Originally created 02/19/03

Employee sues health facility

The author of a once-anonymous letter that sparked state and federal investigations at an Augusta mental health institution filed suit Tuesday, saying she is being demoted and harassed.

Sharon Haire also said she had been told by the Community Mental Health Center of East Central Georgia that she would be fired Friday.

Mrs. Haire, one of the center's top administrators, had been seeking a restraining order in Augusta Judicial Circuit Superior Court to prevent center officials from cutting her salary by $15,000 beginning Thursday. That motion was denied by Superior Court Judge Albert Pickett, who assured Mrs. Haire's attorney, James Trotter, that back pay would be forthcoming and that her retirement would not be diminished if she prevailed.

After the hearing, though, Mrs. Haire, who was traveling out of town, said she called back to the office, where acting Director Philip Horton told her she would be fired Friday, Mr. Trotter said.

"We don't know what the basis is, or the alleged basis," Mr. Trotter said. Earlier, he said their fear was the center was building a case for termination.

"If you fire somebody or take adverse action because they are a whistle-blower, you're not going to tell them that," Mr. Trotter said. "You're going to come up with other reasons."

The Community Service Board of East Central Georgia has scheduled a meeting for tonight that will include a closed session to discuss personnel and legal matters. Board attorney John West confirmed after the court hearing that the meeting was called to discuss Mrs. Haire. Mr. West also informed Judge Pickett that "there may well be additional adverse actions against Ms. Haire."

From the day she was hired in July 2001, Mrs. Haire said in her lawsuit, she "observed extensive fraud and corruption in the organization."

"The fraud involved the Community Mental Health Center's financial operations and contractual relationships with friends and business partners of directors of the mental health center," the suit stated.

She finally wrote a two-page, anonymous letter outlining her allegations of corruption and cronyism and sent it to Nancy Williamson, the chairwoman of the Community Service Board of East Central Georgia, which oversees the center. The board met in closed session Jan. 12 and authorized Dr. Williamson to pursue an audit and investigation of the charges. Two officials named in the letter, Executive Director Mike Brockman and Administrative Manager Jim Points, were placed on paid leave.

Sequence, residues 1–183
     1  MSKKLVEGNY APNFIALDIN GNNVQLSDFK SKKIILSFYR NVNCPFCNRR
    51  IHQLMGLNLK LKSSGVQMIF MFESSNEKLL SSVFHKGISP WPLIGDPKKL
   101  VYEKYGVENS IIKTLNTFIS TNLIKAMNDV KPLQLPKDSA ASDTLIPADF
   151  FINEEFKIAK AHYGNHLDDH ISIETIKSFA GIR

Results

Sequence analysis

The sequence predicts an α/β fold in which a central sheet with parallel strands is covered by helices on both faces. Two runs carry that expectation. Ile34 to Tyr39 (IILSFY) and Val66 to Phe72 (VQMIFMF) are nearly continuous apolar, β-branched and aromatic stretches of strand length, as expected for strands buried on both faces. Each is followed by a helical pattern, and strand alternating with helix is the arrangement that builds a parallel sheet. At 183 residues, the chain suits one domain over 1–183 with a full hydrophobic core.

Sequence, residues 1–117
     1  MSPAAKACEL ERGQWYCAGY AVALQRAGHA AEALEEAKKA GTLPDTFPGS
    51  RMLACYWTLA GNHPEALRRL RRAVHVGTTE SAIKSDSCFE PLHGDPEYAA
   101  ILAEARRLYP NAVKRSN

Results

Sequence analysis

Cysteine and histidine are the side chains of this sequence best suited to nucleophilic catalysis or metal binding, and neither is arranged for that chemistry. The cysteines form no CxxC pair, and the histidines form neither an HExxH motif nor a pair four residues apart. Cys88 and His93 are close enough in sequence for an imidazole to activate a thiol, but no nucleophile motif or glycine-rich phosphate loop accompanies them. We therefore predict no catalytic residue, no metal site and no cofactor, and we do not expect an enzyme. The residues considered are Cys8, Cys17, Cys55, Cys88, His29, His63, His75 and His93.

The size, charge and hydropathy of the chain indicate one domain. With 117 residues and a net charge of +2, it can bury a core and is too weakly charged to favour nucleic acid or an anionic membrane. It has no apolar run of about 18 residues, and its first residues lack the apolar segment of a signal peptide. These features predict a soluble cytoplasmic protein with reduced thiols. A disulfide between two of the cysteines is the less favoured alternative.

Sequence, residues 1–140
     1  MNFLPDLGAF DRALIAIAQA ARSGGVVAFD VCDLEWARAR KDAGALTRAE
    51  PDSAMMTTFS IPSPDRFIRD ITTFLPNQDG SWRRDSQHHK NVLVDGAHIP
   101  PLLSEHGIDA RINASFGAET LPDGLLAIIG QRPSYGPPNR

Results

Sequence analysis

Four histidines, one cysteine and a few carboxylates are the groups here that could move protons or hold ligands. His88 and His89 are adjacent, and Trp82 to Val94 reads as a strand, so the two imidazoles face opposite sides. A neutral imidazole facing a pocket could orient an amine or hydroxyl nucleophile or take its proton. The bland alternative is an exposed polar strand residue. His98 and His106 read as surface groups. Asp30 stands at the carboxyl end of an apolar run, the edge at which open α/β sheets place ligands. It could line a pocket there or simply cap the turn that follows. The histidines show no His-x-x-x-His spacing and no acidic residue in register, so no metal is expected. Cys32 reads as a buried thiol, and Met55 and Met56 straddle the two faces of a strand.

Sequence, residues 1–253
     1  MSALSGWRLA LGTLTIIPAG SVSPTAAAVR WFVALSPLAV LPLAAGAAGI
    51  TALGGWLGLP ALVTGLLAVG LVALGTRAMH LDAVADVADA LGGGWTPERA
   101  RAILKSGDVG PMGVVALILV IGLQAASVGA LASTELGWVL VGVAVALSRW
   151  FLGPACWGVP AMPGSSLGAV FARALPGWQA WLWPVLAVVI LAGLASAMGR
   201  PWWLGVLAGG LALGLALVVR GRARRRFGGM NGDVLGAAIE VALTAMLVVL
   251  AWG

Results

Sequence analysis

The Georgia Department of Human Resources' Office of Investigative Services and Office of Audits is now investigating, as is the State Health Care Fraud Control Unit, which includes elements of the Georgia Bureau of Investigation and the state attorney general's office.

The lawsuit said the center also is being investigated by the Federal Bureau of Investigation.

"We just don't confirm or deny, one way or the other," said Jeff Holmes, the FBI spokesman for the Atlanta division.

Things began to turn worse for Mrs. Haire after she admitted to Dr. Williamson that she had written the letter, according to the lawsuit. Mrs. Haire, a 30-year state employee, was demoted from deputy director for Clinical Services to Administrative and Staff Service director, "a position with almost no duties or responsibilities," the lawsuit states. Mr. Horton told her Feb. 5 that her salary was being cut.

The reason given for the demotion was a negative review that she had given another employee, Carroll Foster, last year. Mrs. Haire contends that she did not agree with the rating but that Mr. Brockman forced her to give it.

Reach Tom Corwin or Sylvia Cooper at (706) 724-0851.


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